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JBSA Transition Summit helps service members, veterans find direction

| 502d Air Base Wing Public Affairs | Dec. 18, 2015

Joint Base San Antonio-Fort Sam Houston, TX —

“The business community is here because they want to take care of our transitioning members,” said Brig. Gen Bob LaBrutta, 502nd Air Base Wing and Joint Base San Antonio commander, in his welcoming remarks to more than 200 participants at the JBSA Transition Summit held in the Fort Sam Houston Community Center Dec. 9.

“The U.S. Army has the major adjustment in bringing their end strength down,” LaBrutta said. “This means we are going to have a lot of Soldiers transitioning over the next few years. They will be coming back to this community and need training and good jobs. That’s what today is all about.”

“President Obama, the White House and Congress are all interested in making sure the same transition assistance programs be made available to all services, said Wayne Boswell, director of Business Operations, Transition to Veterans Program Office, Office of the Secretary of Defense Personnel and Readiness, during a panel discussion. “Now there is one transition assistance program curriculum available, so no matter where services members are, they will go through one program.”

“I’ve seen how transition assistance programs have been successful for my family, so that’s why I’m delighted to be a part of this summit,” said Col. Nicole Malachowski, the Dec. 9 keynote speaker and Joining Forces executive director, a White House program calling Americans to rally around service members, veterans and their families. “I watched how the program helped my husband take a look at what he wanted to do and wanted to be in his next life.”

TAP provides information, tools and training to ensure service members and their spouses are prepared for the next step in civilian life, whether it’s pursuing additional education, finding a job in the public or private sector or starting their own business.

“Service members make great entrepreneurs,” said Craig W. Heilman, U.S. Small Business Administration veteran’s programs director. “One in 10 small business owners are veterans.”

“It’s much easier to start a business than I realized and to start a franchise is just as feasible,” said Petty Officer 1st Class Amy Italiano, Navy Medicine Training Support Center training instructor.

“I wasn’t going to come to the summit, but my boss encouraged me to attend,’ said Sgt. Maj. Tom Chambers from U.S. Army South. “It’s been extremely helpful.”

Discussion panels also addressed post-traumatic stress disorder, funding programs for transitioning service members, military culture, networking, training and writing resumes.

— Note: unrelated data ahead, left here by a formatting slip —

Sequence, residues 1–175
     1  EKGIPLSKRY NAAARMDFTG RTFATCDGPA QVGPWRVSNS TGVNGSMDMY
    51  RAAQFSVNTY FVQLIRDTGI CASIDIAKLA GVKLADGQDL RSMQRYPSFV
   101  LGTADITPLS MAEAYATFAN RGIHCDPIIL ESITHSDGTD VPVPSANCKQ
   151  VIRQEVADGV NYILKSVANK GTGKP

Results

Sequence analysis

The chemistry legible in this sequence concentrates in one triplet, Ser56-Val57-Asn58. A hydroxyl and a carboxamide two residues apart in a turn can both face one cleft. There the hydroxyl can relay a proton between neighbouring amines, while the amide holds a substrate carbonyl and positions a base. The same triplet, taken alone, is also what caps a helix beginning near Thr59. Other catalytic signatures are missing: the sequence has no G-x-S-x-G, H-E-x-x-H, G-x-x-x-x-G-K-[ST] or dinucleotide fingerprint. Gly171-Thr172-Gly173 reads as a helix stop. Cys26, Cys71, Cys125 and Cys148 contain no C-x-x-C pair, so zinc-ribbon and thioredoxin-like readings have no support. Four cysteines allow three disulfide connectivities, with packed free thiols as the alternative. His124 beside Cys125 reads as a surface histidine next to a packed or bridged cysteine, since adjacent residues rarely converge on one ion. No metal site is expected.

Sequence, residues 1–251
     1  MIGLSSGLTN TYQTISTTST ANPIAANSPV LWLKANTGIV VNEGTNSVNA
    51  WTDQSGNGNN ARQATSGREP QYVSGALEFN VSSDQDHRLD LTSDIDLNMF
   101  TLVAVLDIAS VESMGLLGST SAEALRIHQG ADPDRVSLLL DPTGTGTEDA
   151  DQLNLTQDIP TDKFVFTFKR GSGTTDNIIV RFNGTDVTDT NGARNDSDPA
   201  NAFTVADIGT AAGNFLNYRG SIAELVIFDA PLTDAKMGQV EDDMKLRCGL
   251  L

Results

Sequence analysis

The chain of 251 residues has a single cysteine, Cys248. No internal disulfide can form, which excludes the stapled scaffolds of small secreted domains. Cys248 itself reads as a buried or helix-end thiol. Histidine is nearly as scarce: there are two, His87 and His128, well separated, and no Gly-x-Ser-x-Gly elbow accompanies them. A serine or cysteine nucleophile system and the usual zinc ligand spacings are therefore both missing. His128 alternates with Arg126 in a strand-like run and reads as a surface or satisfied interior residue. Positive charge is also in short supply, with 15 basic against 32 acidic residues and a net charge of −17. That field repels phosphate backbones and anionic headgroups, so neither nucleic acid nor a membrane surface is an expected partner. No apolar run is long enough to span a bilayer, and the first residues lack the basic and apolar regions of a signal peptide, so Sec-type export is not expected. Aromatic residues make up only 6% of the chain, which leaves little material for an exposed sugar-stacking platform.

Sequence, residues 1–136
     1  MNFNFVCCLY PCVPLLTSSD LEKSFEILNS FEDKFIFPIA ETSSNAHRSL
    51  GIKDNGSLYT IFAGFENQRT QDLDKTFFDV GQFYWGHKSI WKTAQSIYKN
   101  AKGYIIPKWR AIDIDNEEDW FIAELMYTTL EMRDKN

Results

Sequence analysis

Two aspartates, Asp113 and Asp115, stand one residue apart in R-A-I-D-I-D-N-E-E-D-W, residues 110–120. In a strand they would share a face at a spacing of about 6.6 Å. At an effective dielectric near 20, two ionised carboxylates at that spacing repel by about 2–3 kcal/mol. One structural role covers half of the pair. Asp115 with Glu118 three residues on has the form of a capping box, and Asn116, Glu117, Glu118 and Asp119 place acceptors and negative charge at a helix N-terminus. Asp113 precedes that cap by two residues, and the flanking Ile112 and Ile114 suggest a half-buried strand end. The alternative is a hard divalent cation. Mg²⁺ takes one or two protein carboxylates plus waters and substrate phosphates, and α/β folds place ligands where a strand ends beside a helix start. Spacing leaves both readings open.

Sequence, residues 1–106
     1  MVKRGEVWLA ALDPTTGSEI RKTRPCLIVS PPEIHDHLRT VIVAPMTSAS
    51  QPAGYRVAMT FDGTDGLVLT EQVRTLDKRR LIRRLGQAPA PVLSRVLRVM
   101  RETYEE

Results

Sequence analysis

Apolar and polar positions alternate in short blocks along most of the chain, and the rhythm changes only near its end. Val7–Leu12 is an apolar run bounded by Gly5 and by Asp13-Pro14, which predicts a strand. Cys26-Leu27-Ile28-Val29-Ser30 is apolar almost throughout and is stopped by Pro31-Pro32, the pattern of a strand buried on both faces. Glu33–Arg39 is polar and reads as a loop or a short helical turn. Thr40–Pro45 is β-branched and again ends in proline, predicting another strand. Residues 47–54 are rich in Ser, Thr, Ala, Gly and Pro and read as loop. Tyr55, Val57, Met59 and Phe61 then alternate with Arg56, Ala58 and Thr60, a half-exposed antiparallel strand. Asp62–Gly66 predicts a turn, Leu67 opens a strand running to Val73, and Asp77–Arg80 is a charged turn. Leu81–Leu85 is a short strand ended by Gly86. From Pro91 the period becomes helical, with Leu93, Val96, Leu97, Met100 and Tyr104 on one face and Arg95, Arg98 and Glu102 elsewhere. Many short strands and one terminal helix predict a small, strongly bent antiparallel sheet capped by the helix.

“Volunteer work is also relevant, so don’t leave it out of your resume,” suggested Elizabeth O’Brien, Hiring Our Heroes director of military spouses programs during a workshop. “It’s all on how you phrase things.”

“Stop looking at just at what a company serves. You have to look beyond that,” said, U.S. Department of Labor Veterans Employment and Training Services coordinator Roxanne Griffith during a workshop. “Every business needs other positions in their industry, so think outside the box.”

“It is very encouraging to find I can work for the information technology industry, even though I don’t have the technology background,” said Col. Raul Benitez from U.S. Army South. “There are other things a corporation could use, such as our skills sets and experience.”

“In the Veterans Affairs resume writing and federal careers workshop, I learned to take the military jargon out of my resume,” Tony Hendricks said. “Complies don’t know military jargon. Over time, Service members think that everybody gets it, but that’s not the case.

The panels debated military culture in the civilian sector, job preparation, mental obstacles, mentorship programs, obtaining the right job for service members skill sets and networking on the second day of the summit.

“Networking and making that one-on-one contact with folks helps me to know there are things I can do, instead of stressing out on what my next step will be,” said Air Force Master Sgt. Darren Maring from the Headquarters Air Force Personnel Center at JBSA-Randolph.

The summit concluded with a hiring fair Dec. 10 with more than 90 employers represented and more than 450 participants.

“Some employers have given me advice on things I need to do in the pre-application process,” Maring said. “They gave me information on what their companies do and what skills sets I have that can be used in their company.”

“The military hired you to fight the nation’s wars, but has a vested interest in making sure you transition successfully,” said keynote speaker Brig. Gen. Daniel Mitchell, deputy commanding general for support at the U.S. Army Installation Management Command at JBSA-Fort Sam Houston Dec. 10. “We are an all-volunteer force and if you are not satisfied how you were treated in the military, then our volunteer force will die. When you go out, you serve your community and you continue to be ambassadors for your service. That’s why the military wants you to transition successfully.”